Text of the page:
As many of you have already heard, our friend and colleague Don Cardinal has decided that, after serving as dean since 2002, he wants to go back to what he appropriately describes as his ‘dream job’, namely Professor of Education. While I am sincerely sorry to see him do that, I fully understand his desire, and despite the attempts that both President Doti and I made to change his mind, he has stood firm in his decision. Don will serve as dean for one more year, while, during the academic year 2014-15, we search for a new dean.

Don has been a truly special leader in the history of Chapman University. He joined the institution back in 1988, and since then has fulfilled a variety of important and delicate tasks, both as a faculty and as an administrator, including being the Chair of the Faculty, during the historical period in which Chapman moved to a Faculty Senate structure.

Donald Cardinal, Ph.D., Dean of the College of Educational Studies

Donald Cardinal, Ph.D., Dean of the College of Educational Studies

I first interacted with Don in the months before my arrival as Provost, in the Spring of 2006. At that time he and I had several discussions on the Ph.D. in Education that was under WASC approval; I still remember how his attention to, and emphasis on, the culture of scholarship struck me as exactly what Chapman needed, and what I wanted to see as part of our growth. Don’s words weren’t just rhetorical statements: in the years since he took the job of dean he has literally transformed his College, which now houses five peer reviewed professional journals (all edited by our faculty), includes almost 100 positions on editorial boards, and more generally is one of the most active intellectual units on campus, as it can be easily deduced by the fact that, in the past two years alone, the faculty in the College of Educational Studies has authored 15 full length books. Concurrently with this cultural transformation, Don has brought also very concrete and tangible new ideas to the table, including not only the new Ph.D., but also an extremely successful Master in Communication Science and Disorders, as well as the recently established (and wildly successful) post-bac program that graduates up to 50 students per year through extended education. The revamped efforts in Extended Education, as well, should properly be credited to Don’s enthusiasm and foresight. Finally, in order to meet the CES goal to have an authentic presence in underserved communities, Don cultivated the idea to expand our partnership with Ruben Martinez, and to develop the Libreria Martinez de Chapman University, in order to create a hub for social, educational and cultural events in the midst of Santa Ana.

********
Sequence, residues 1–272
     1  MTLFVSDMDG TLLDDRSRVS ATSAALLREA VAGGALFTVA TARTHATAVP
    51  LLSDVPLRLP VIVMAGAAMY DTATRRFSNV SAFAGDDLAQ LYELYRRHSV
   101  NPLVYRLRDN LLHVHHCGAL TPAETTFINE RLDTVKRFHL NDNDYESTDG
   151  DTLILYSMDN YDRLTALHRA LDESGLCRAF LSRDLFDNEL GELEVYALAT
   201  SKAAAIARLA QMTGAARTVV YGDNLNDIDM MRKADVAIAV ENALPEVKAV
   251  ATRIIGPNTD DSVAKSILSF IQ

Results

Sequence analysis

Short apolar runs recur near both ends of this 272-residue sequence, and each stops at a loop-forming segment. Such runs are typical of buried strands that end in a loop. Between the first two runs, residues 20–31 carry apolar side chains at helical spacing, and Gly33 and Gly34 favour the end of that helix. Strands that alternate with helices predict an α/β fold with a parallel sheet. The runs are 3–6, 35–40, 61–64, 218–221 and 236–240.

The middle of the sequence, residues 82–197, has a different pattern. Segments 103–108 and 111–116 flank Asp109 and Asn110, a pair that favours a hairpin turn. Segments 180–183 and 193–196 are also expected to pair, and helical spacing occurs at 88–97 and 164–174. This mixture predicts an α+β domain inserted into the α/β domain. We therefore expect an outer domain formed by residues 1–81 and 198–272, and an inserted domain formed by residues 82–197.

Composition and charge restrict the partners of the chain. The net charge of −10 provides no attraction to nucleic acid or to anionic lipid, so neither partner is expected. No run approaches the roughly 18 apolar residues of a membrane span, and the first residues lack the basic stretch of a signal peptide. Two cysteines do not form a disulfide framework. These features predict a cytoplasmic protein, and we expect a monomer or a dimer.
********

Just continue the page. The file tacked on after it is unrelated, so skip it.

I have often praised Don, both privately and publicly, for what he has done, but in his typical style he usually retorts that “these accomplishments must be credited to the faculty and staff of the CES, thinking one person is ever solely responsible for one’s accomplishments is, well, naive.” And while I know that he believes that, and of course there is significant truth to that statement, it is hard not to notice that under Don’s leadership the programs in the College have received four national accreditations (Athletic Training, Speech Pathology, Teacher Education ad School Psychology), one international accreditation (International School Psychology Association) and seven state accreditations, becoming the first and only university in California to be granted full accreditation from the Teacher Education Accreditation Council.

In many ways Don has anticipated what Chapman is evolving towards. Without sacrificing the individual attention for every single student (witness the success of the undergraduate program in Integrated Educational Studies, that is now almost ten times larger than its Liberal Studies predecessor, and the new program in Kinesiology, which will start in the next few months, and has already more than 100 new students!), Don has gradually moved the entire College towards a research orientation, with outcomes that can be quantified not only in publications, but in grants (more than $10,000,000 in federal and state grants) and philanthropic gifts as well. One example for all is the Donna Ford Attallah Academy of Teaching and Learning, a much needed $3 Million dollar effort to improve public education.

But there is more to Don than what his illustrious bio shows: there is more to him than being a successful dean. Don has been, from my arrival on campus, a trusted partner and collaborator, and a true campus leader. His passion for Chapman always surpassed his specific commitment for the College of Educational Studies, and I know that because of this, and despite his desire to go back to the classroom, there will be many opportunities in the years to come, when I will be able to call on Don’s expertise and wisdom, and forge new plans for our wonderful institution.

As I come to the conclusion of this letter, I realize that I have left out so many accomplishments, that the letter is only a pale reflection of the impact that Don has had on Chapman, and I look forward, like I know you all do, to being a witness to the flourishing of all that Don has done for our students, our colleagues, our institution, and the community at large.